Another workshop, another 4 hours spent concentrating on the body. Presence, was the first point on the flip-chart list. Another seven would appear during the course of the afternoon, as the teacher continually emphasised that it is not about the exercises. It’s about the work you do whilst exercising. It’s about alignment, stability and calm. And it’s about letting go. More words on the list – just a handful of many possible points of attention.
Qi Gong is a skill which, like any other, requires focused, repeated practice. And persistence – if there is resistance somewhere, don’t give up; use it to access the body, sensing what is there with an awareness which, as I shall suggest in this post and the next, can both create and heal.
The teacher, Torsten Schiz, is a relaxed, engaging man who explains his subject with effortless clarity. He left us in no doubt that although this work requires time and effort, all we have to do is make a start. Again, it’s not about the exercises. It’s about the focus you bring to the exercises. The presence and the awareness. Those two words alone made me feel at home, and everything he said made sense to me. Again. (It had been the same in the first workshop of his I attended.) Furthermore, his comments brought sense and clarity to my own observations.
For example, during one early exercise I noticed how simply paying attention to my body felt good. As if my body – just like any two-year-old – was happy to be noticed and acknowledged. As I moved through the exercise, there was a sense of teamwork. ‘We are in this together’, I thought. ‘My body and me’. Yet it felt as though it was my body that was in control – the foreman of the whole project, exuding reassurance with an innate knowledge of what to do. No longer working to attract my attention, it now felt secure and content; able to focus itself more on something more subtle, more powerful. Something deeper, perhaps?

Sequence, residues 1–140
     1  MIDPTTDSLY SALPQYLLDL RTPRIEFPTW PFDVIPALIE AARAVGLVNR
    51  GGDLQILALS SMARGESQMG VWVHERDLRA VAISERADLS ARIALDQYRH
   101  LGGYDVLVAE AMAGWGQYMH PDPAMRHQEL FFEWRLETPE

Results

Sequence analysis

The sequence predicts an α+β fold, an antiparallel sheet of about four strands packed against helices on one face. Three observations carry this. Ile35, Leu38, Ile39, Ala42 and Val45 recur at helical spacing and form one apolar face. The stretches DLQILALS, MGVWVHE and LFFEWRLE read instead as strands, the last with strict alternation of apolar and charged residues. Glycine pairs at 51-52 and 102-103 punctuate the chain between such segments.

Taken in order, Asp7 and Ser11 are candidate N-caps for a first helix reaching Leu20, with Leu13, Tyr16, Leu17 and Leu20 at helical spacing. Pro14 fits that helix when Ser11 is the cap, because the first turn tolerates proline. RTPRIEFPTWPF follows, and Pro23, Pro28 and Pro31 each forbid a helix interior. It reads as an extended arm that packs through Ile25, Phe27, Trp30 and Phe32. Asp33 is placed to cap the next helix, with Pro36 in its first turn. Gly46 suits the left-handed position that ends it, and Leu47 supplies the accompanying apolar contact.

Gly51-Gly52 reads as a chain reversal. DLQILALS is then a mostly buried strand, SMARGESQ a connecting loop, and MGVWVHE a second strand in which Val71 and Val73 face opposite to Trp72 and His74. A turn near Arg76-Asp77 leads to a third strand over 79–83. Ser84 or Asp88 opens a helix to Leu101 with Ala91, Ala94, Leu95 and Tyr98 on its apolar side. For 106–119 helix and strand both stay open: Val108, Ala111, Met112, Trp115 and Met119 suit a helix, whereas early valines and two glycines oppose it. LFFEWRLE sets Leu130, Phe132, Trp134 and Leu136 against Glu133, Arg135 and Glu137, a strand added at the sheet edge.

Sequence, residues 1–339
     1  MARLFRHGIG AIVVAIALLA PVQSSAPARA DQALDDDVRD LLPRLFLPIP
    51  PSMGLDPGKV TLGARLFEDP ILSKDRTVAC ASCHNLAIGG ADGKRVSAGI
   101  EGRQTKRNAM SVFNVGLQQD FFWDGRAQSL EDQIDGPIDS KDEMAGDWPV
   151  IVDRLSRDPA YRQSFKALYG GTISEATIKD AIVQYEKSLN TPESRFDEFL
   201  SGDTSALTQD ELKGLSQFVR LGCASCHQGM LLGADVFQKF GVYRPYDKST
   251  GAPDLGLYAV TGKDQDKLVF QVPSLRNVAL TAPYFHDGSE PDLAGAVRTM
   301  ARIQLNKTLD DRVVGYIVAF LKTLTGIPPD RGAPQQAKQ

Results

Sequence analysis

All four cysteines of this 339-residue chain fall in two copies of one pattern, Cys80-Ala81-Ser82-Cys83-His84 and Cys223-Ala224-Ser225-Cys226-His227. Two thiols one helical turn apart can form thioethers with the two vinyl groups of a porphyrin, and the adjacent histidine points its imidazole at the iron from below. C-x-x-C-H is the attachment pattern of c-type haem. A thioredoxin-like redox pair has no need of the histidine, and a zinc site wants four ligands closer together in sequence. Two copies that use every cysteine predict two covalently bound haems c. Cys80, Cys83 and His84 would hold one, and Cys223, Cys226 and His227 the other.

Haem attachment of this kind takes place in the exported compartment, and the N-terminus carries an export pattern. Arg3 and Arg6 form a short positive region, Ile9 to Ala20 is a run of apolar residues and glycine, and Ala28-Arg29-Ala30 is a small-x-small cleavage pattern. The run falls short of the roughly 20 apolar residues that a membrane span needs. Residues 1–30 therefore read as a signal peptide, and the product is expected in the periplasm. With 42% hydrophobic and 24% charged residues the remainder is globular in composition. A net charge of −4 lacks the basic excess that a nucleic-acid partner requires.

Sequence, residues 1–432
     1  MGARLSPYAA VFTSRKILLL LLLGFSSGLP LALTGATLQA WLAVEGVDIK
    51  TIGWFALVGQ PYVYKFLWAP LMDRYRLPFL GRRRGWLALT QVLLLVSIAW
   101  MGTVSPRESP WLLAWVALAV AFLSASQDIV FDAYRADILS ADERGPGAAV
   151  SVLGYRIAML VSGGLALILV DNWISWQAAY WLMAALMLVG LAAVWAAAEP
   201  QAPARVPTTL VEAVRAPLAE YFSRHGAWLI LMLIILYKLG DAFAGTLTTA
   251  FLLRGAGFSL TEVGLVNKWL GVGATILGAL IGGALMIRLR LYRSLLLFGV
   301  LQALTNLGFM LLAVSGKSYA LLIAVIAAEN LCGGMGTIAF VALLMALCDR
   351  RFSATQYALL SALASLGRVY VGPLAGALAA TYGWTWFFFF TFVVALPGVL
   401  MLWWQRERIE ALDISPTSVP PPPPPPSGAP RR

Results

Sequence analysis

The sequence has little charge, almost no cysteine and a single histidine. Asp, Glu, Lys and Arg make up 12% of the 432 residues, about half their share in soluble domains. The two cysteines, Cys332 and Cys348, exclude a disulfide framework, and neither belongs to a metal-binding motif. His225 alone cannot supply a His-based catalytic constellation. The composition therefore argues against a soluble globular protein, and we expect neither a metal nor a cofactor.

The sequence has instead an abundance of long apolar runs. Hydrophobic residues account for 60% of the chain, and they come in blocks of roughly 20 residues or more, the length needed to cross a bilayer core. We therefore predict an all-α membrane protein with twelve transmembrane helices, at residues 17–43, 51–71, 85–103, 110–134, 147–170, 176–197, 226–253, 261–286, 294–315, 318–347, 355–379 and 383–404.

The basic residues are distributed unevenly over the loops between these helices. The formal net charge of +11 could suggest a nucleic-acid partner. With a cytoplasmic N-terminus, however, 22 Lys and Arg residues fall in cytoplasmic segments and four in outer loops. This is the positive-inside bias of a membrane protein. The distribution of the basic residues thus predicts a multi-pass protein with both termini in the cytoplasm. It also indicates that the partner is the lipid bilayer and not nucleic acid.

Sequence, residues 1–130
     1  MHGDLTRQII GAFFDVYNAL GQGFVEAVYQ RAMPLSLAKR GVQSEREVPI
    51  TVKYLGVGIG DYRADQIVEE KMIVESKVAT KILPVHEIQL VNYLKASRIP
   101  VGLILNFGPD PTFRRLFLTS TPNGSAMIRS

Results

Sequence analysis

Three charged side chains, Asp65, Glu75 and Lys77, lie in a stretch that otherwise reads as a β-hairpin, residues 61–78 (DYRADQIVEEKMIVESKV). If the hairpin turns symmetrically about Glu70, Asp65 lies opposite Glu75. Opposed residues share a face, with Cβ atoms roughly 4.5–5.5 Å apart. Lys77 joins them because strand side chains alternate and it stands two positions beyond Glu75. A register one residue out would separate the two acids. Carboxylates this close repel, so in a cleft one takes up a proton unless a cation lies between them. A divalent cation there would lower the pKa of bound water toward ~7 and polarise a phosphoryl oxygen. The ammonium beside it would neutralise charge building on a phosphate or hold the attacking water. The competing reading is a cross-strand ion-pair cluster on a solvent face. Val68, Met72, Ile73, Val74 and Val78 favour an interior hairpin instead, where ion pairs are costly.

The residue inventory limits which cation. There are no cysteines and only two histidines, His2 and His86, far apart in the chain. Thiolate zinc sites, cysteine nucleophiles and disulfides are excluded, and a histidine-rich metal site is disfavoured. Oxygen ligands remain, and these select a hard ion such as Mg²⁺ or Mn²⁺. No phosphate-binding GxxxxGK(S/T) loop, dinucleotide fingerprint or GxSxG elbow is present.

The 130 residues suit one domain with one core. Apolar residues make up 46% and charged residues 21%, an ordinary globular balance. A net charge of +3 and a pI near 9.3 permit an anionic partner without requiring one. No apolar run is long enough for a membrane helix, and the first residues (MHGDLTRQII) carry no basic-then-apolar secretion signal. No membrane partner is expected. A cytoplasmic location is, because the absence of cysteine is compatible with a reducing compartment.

That depth will come with practice. That’s the reason for the discipline and the focused repetition: in time everything is revealed. Even now, though, there was another layer to notice. The feeling of teamwork between my body and myself extended to the various parts of my body. As my weight shifted to the right, that leg felt supported by everything else. Held steady and poised. More in balance and with greater harmony than before.
I shared my observation, and others shared theirs. Torsten talked about the body’s natural desire to achieve health and harmony. It wants to heal itself, and with our awareness we bring forth the life force which is always available. The same happens when we look at each other, he continued. When we pay each other attention we awaken that force, activating the natural harmony and happiness in each other.
That’s the reason why I had felt my body’s contentment. Giving my body the gift of my awareness, brought it to life. Or perhaps more accurately, brought life to it. That natural force inherent in all things.
I wrote in another post about ‘the powerful way the human spirit always seems to know how to right itself given the slightest chance’. Here was evidence of that very same notion. Treat your body like a two-year-old child. Grant it your awareness, acknowledge its magnificence, and you will call forth its natural, abundant happiness – that deep contentment with itself and its world which allows it to play and to heal.